Are Sea and Tree Changes Back in Vogue?

Coffs Coast Advocate (Coffs Harbour, Australia), April 23, 2016 | Go to article overview

Are Sea and Tree Changes Back in Vogue?


RECENTLY released migration data from the Australian Bureau of Statistics (ABS) appears to show a resurgence in the popularity for Australia's coastal towns and lifestyle markets.

CoreLogic RP Data research analyst Cameron Kutcher took a detailed look at the data which shows these areas are experiencing some of the biggest migration increases in the past year.

"Sea and tree change appear to be the long forgotten buzzwords for the migration of people to coastal and lifestyle markets," Mr Kutcher said.

"This trend was particularly strong before the financial crisis hit in 2008, however, since the end of this occurrence, we saw interstate migration slow and many lifestyle markets under-perform when compared to the capital city housing markets" he said.

"The latest migration statistics from the ABS are now suggesting that migration to coastal and lifestyle markets is increasing and is being led by families rather that retirees."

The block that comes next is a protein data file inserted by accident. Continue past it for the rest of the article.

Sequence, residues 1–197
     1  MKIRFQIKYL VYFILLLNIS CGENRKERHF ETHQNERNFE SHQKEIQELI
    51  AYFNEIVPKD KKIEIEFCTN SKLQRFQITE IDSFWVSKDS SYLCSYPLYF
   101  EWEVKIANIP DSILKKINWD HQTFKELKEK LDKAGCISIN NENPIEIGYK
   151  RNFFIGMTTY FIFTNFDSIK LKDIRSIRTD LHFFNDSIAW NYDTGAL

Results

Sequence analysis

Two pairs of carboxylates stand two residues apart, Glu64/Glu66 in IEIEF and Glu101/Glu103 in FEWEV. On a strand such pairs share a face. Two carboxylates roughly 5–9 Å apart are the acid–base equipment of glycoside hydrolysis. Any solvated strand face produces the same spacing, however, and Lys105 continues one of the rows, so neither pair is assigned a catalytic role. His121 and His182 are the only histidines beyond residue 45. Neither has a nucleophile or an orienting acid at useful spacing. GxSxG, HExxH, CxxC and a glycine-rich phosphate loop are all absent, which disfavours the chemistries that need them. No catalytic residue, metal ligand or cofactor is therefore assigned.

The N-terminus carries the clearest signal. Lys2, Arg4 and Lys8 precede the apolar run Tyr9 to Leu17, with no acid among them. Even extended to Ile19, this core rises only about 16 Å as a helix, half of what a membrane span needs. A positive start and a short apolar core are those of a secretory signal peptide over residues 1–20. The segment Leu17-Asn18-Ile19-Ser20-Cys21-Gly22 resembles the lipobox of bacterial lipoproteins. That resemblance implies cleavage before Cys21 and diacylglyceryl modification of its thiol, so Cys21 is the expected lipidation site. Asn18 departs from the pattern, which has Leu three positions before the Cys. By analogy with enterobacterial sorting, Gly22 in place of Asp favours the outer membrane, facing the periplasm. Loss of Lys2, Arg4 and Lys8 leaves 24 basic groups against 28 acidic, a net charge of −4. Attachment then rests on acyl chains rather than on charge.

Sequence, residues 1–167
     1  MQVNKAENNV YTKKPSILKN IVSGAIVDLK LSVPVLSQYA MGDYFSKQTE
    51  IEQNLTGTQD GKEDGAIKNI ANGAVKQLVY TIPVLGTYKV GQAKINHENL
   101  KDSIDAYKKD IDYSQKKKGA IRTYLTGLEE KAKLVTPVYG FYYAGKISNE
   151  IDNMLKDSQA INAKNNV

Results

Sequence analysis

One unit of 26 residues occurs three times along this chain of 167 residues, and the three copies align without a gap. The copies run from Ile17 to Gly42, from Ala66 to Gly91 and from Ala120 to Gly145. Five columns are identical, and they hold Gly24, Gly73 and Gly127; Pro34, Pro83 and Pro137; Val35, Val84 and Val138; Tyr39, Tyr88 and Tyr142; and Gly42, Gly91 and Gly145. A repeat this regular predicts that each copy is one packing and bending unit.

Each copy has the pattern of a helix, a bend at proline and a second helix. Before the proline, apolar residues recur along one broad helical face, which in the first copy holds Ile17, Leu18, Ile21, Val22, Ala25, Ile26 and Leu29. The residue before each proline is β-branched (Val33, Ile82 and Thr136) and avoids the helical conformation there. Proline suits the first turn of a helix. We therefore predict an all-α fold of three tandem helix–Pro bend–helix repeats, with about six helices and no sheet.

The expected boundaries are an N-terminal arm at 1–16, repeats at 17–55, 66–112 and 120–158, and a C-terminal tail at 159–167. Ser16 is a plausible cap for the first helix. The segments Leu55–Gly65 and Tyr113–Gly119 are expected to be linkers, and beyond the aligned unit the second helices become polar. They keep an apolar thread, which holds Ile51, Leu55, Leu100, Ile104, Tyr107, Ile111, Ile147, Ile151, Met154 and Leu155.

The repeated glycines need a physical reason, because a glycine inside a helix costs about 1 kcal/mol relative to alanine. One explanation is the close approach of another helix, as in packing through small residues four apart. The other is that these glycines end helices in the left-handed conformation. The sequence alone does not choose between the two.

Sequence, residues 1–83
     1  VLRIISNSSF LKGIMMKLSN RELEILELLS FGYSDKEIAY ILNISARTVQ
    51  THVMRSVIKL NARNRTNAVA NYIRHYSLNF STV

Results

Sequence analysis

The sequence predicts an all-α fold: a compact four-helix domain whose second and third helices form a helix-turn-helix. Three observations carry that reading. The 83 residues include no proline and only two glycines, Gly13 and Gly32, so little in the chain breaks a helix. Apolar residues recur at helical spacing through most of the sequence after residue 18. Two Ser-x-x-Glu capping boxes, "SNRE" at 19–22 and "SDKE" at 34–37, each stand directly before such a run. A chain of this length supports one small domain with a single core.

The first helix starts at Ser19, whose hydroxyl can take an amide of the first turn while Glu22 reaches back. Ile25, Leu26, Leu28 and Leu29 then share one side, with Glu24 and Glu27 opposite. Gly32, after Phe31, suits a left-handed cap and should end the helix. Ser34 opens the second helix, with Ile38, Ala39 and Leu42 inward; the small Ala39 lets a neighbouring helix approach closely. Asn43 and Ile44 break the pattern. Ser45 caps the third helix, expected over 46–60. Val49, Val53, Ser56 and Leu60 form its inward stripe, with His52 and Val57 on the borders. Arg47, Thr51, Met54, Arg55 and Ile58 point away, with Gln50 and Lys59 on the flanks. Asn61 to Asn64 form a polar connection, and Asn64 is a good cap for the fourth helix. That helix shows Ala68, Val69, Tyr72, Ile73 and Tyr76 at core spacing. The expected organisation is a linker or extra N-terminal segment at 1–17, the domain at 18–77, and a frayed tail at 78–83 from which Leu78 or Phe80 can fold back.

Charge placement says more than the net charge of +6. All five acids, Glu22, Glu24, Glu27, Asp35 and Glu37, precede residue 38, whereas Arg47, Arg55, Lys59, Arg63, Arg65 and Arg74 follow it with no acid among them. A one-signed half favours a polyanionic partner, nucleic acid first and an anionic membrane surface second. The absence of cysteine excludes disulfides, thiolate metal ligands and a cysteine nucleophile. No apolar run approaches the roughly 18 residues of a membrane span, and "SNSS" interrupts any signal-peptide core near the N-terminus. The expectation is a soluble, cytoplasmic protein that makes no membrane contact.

Mr Kusher analysed the top 25 national statistical area regions for internal migration over the 2008-09 and the 2014-15 financial years.

Of the regions included in the analysis, 14 of the 25 are located in the outer fringe regions of the capital cities where population growth is being driven by new housing.

The greatest levels of internal migration have been in the Melbourne-West region where during 2014-15, 5038 internal migrants moved to the area.

Looking at coastal and lifestyle regions, 15 of the regions could wholly or partly be described as lifestyle regions, including the Sunshine Coast, Gold Coast, Geelong, Richmond-Tweed, Mornington Peninsula, Mid North Coast, Central Coast, Hunter Valley excluding Newcastle, Southern Highlands and Shoalhaven, Bunbury, Mandurah, Sydney-Outer West and Blue Mountains, Illawarra, Wide Bay and Latrobe-Gippsland. …

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